James Mills, gunsmith, of Westgate Without—The prisoner came to him between four and five the previous afternoon, and asked to look at a brace of pistols which were in the window, which he handed to him. He then said he did not want to purchase them. He wanted them to hire as the amateurs were about to perform, and he gave his name Fox, plane maker, working for Mr. Goulden. Asking him how he came to that end of the town, when Mr. Gudgen was so much nearer, he said he had a brace off him some time back to go to the masquerade, and he unfortunately lost one, and thought he overcharged him in the sum of 5s., which witness said was only reasonable; and not doubting his respectability agreed to let him have the brace till the morning for 2s. 6d., which he at once paid. He took the pistols, and asked how much powder it required to load them, which witness told him. He then bought one ounce of powder and from ten to twenty caps. He did not supply him with any bullets. He identified the caps produced as those which he had sold.

Superintendent Clements—Was called about a quarter past seven, and found the prisoner, Gurney, and Epps in the room; Gurney informed him that the prisoner had that morning shot a young woman named Hadley; asked him if she was dead, and he said he did not know; said it was a sad affair, to which the prisoner replied that he was glad in his heart that he had done it as she had deceived him; left him in charge of Epps with strict orders not to lose sight of him, and proceeded to Carter’s, at Vauxhall, with Gurney, where he saw Mary Ann Hadley dead. Elizabeth Scrivens, who attended her handed him the clothes produced, consisting of a black cape and a petticoat which bore a bullet hole, and the latter was saturated with blood. The hole in the cape was as if from the first shot as it was not in the direction of that in the petticoat, On his return to the stationhouse he informed the prisoner of the death of the young woman, to which he answered it could not be helped-he would meet his fate like a man. Witness then left him in charge of a policeman.

Elizabeth Ann Scrivens, a married woman of Northgate-Had seen the prisoner backwards and forwards on the Vauxhall Road to meet the deceased the last six months. Knew the deceased he saw ten minutes before seven that morning on the Vauxhall Road with Mr Gurney-they were walking together in conversation, passed her, and wished her good morning. When near the last barrack-gate, she saw the prisoner come from the side ally with something in each hand, and she heard two reports. He looked straight at her (witness) and attempted to escape up the alley. Deceased ran a few steps, and was caught in the act of falling by a man. Witness ran to Mr Carter's and obtained assistance, and deceased was brought in she did not speak that witness new of. She gasped but once after he was taken upstairs and Mr. T. Andrews was sent for. Witness took off the clothes-there was a hole in the right side of the petticoat, and a hole through her mackintosh; her left finger was much hurt, and there was an injury on the back of the hand. She believed the hole in the petticoat with been occasioned by a button being torn off. They were very close, but she did not hear any words between them.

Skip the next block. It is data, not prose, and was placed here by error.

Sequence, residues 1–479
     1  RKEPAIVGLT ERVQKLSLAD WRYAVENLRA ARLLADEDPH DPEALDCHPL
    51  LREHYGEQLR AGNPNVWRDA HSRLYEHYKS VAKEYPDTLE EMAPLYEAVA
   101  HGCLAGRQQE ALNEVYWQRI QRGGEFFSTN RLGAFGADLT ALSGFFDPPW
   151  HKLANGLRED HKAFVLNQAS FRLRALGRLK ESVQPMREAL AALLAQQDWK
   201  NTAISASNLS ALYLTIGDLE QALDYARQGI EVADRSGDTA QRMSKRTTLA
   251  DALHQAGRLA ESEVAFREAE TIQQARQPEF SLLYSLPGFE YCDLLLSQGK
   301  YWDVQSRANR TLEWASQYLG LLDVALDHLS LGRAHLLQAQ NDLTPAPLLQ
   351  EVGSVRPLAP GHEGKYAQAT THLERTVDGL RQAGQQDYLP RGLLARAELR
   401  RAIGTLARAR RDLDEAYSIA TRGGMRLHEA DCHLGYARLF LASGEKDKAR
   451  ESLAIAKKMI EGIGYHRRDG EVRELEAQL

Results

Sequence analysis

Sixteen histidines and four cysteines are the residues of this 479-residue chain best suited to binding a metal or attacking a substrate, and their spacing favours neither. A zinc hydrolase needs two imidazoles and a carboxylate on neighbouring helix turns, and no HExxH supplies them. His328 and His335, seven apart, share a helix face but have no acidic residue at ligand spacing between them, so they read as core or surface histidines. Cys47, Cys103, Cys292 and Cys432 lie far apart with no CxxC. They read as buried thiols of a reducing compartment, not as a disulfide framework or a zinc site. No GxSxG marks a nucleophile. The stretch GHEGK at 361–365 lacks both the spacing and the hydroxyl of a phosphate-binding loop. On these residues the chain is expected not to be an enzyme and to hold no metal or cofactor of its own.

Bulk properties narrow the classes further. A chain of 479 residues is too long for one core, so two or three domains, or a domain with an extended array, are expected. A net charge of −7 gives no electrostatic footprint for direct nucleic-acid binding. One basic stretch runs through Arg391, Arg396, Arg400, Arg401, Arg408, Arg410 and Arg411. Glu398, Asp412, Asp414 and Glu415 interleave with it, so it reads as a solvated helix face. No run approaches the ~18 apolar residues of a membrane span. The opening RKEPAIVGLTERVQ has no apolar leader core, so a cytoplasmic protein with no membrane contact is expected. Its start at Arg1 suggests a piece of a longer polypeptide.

Steven Baker, labourer-Saw the prisoner a little before six in the morning in the alley between the barracks, and that he came therefrom about a quarter before seven, holding two pistols before him, both of which he fired at the deceased, who was in the company of Mr Gurney. She ran towards witness, saying "Oh dear! young man, do hold me up." He asked her where she was wounded, and placed her hand on her thigh and said "hear;" the blood poured forth, and they took her to Mr. Carter's. After they laid he down they gave her a little water but she could not drink it. Half an hour afterwards she said in broken accents, with a sigh, "Mo-ther." He did not leave her till the surgeon had been.

Mr. T. Andrews, surgeon—Was called at seven o'clock in the morning and went to Mr. Carter’s, Vauxhall, and found in the washhouse there Mary Ann Hadley in a dying state from haemorrhage from a wound in the upper part of the right thigh, which wound, in his opinion, was caused by a bullet, that passed through the femoral artery. He remained with her till she died, which occurred in a few minutes. She was speechless and unconscious.


The prisoner having received the usual caution and asked whether he had anything to say, replied that he had. He said:—The reason I did it was because she deceived me. I had promised her marriage, to which she consented. I went to her house on Monday evening, and she was not at home; I left at nine, and went again on Tuesday at six o'clock, and she was again not at home. I asked her mother where she was. She said she did not know. I stayed till half-past nine; then went to the house again, and stayed till a quarter past ten, when she returned. We went into the front room, and I asked her the reason of this unpleasantness; she said it was my own fault. I said, "Be it so; then give me a decided answer—yes or no. Then I will leave you for ever." She said, "No, Stephen—I will meet you to-morrow night precisely at eight o’clock" (which was last evening). She did not do so. I went to her house at seven, and asked her mother whether she had come home; and she said yes, and had gone out again. I went to Mrs. Carter's, Vauxhall, and inquired for her there; but they did not know where she was. Therefore, I returned to Mr. Gurney’s house. Did not see her, as she would not see me, until this morning at seven o’clock, when she said, "Stephen, forgive me." I said, "No, I can’t." I kept company with her two years, and never had a mis-word till Monday evening.